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Your most frequently asked questions about ultra-fast broadband:



What is UFB?

Ultra-Fast Broadband (UFB) is defined as a fibre-to-the-premises broadband service that provides downlink speeds of at least 100 Mbps (megabits per second) and uplink speeds of at least 50 Mbps.  

By way of comparison, the average speed measured by web services firm Akamai in 2011 in New Zealand was 3.5Mbps.


Why do we need UFB?

Broadband improvements can increase economic activity.

The Internet has become part of the way New Zealanders live, learn and do business.

We’re hungry for faster Internet speed and the ability to exchange large amounts of information.

There is also a desire to find faster and better ways to search, process and use information.

New technologies put increasing demands on the capacity on the broadband network infrastructure.


What is fibre optic cable?

An optical fibre is a thin glass or plastic strand that carries light along its length.  Light from lasers is shone down the fibre and detected by a receiver at the other end.

Optical fibre is capable of transmitting information at an almost unlimited rate over very long distances.

It is much faster than copper wire or wireless transmission, and copes better with the increasing demand for bandwidth.


What is the Ultra-Fast Broadband Initiative?

The Ultra-Fast Broadband Initiative is a government programme to expand and develop our broadband services.

The government is contributing $1.35 billion to the initiative with significant amounts of private co-investment also being contributed by the government’s Ultra-fast Broadband partners.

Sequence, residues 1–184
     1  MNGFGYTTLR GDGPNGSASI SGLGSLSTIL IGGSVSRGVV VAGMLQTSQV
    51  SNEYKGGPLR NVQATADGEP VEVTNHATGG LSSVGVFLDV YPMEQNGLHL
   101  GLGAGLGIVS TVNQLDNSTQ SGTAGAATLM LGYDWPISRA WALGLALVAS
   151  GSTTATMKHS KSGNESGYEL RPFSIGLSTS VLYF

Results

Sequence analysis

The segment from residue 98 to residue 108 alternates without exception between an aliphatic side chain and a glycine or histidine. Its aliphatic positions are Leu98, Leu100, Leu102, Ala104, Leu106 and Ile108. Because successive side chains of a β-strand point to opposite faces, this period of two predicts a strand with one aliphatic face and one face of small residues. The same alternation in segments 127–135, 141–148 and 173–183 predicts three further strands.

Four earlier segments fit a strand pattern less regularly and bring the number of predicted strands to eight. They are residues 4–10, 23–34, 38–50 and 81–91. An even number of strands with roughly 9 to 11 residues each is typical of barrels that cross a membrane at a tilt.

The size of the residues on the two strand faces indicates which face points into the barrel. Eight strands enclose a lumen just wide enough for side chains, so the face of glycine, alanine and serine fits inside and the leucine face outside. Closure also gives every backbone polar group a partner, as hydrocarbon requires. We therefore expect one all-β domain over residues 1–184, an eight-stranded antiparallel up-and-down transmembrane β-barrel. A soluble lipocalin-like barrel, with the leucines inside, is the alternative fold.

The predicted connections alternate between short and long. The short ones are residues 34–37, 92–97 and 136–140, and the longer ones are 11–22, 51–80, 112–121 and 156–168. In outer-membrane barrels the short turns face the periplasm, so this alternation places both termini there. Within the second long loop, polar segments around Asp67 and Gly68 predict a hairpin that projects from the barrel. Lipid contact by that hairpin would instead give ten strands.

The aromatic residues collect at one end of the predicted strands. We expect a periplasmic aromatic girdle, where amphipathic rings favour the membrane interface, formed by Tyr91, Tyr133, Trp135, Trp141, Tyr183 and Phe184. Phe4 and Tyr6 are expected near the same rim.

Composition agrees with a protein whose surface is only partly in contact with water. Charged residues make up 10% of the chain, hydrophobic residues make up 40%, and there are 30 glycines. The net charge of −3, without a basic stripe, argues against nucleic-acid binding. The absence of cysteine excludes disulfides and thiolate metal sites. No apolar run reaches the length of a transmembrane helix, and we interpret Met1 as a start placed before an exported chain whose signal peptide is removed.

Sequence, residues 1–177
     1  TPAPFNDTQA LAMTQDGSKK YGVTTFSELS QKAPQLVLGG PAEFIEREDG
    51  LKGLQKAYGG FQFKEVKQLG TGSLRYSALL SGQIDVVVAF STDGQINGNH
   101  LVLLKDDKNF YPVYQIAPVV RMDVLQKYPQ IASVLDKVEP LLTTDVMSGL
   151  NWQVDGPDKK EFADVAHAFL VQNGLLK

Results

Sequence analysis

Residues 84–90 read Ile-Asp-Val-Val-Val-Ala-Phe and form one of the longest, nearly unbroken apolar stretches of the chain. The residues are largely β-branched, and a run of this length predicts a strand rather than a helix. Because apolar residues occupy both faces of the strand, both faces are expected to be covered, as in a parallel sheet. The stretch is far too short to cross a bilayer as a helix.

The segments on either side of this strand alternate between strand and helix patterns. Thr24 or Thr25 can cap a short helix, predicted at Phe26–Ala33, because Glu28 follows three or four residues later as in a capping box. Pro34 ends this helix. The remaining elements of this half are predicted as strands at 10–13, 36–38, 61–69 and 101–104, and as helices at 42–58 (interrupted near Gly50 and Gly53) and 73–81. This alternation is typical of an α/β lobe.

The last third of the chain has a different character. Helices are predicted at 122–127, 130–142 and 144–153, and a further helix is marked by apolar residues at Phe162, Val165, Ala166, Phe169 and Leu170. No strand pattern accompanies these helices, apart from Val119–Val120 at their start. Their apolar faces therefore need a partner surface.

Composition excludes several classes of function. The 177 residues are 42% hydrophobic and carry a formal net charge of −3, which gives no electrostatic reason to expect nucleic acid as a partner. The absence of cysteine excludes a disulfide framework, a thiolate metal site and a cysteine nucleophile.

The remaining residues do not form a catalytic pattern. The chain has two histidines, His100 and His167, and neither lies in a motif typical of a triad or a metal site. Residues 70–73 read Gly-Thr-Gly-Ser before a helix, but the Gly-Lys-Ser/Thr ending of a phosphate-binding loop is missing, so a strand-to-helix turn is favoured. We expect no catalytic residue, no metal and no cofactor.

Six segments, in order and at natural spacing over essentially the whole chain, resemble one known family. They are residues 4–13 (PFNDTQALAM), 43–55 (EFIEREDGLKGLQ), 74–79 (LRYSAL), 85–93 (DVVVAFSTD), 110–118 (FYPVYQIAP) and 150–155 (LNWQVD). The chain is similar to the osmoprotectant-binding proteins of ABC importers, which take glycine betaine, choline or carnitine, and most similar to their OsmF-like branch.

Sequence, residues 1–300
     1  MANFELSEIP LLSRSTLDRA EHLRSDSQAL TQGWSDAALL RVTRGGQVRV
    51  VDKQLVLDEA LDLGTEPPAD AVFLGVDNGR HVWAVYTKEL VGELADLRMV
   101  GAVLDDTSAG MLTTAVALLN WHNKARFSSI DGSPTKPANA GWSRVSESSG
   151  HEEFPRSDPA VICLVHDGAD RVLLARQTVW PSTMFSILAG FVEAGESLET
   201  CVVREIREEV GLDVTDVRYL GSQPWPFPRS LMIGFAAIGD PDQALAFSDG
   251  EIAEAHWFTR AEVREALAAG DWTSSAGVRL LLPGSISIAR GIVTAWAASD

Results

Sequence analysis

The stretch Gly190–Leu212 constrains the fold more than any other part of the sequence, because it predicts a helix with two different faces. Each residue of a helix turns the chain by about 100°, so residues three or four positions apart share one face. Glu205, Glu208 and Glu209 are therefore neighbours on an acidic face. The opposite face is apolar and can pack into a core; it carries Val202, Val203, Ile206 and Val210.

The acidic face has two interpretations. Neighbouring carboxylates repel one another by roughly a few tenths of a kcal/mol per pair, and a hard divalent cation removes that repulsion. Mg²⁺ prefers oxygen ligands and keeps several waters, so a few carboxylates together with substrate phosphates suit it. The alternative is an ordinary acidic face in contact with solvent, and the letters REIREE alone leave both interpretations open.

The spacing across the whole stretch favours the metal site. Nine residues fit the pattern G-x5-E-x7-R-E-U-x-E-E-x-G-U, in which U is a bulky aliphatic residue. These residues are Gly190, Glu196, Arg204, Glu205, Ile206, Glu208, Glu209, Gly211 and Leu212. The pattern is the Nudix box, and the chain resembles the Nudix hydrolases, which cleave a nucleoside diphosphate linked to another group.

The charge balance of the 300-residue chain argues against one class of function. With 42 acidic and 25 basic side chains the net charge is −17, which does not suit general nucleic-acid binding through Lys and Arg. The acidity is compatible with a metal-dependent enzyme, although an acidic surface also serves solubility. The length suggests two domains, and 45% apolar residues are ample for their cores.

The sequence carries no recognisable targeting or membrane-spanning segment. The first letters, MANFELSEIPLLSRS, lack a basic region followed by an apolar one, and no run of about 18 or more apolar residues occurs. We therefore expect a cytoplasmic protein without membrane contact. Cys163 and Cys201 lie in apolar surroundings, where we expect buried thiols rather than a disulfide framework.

Ultra-fast broadband is defined as a fibre-to-the-premise service, which means to our homes, schools or businesses.  The programme’s goal is to accelerate the ultra-fast broadband roll-out over 10 years to 75 percent of New Zealanders where they live, work and study.

Schools, hospitals and 90 percent of urban businesses will be connected by 2015.  Urban homes and the remaining 10 percent of businesses will be connected by 2019.


What determines who will receive UFB services first?

In the first six years, the roll-out will prioritise deployment to schools, health premises and businesses.

The framework for prioritisation includes:

  • In the initial period, areas of high demand
  • Areas of high density
  • Build on from existing networks transferring into the UFB scheme (Chorus in Auckland, Wellington, etc. Enable in Christchurch)
  • Due consideration to things like Rugby World Cup, working with local works underway, etc.
  • Likely costs of deployment (determined by geology & topography, local planning rules, etc.)


The contracts covering Whangarei and the central North Island (Hamilton, Tauranga, etc.) were signed approximately six months before those covering the rest of the country, so it is to be expected the roll-out will be a little ahead in these areas. 

Which companies are rolling out UFB in New Zealand?

The government has set up Crown Fibre Holdings Limited (CFH) to manage its $1.35 billion investment in broadband infrastructure.

Crown Fibre Holding’s role is to monitor the roll outs in each area by local fibre companies.

Crown Fibre has negotiated agreements with four providers to connect fibre to different regions.

Visit the Crown Fibre Holdings Limited website


When will you get UFB?

The schedule will be available on the website of the company that has been selected to carry out the roll-out in your geographic areas.


How much will it cost to get UFB?

Retail service providers set retail prices not CFH or the UFB deployment partners.  Given that UFB wholesale prices previously announced are the same or lower than current wholesale prices, it is expected retail fibre prices for the residential market will be the same or lower than for services over copper, but for a far more superior offering.

Wholesale household prices will start at $40 or less per month for an entry level product and $60 per month for the 100 megabit product.  There are no connection charges for households in the ultra-fast broadband areas.


Last updated 15 December 2011

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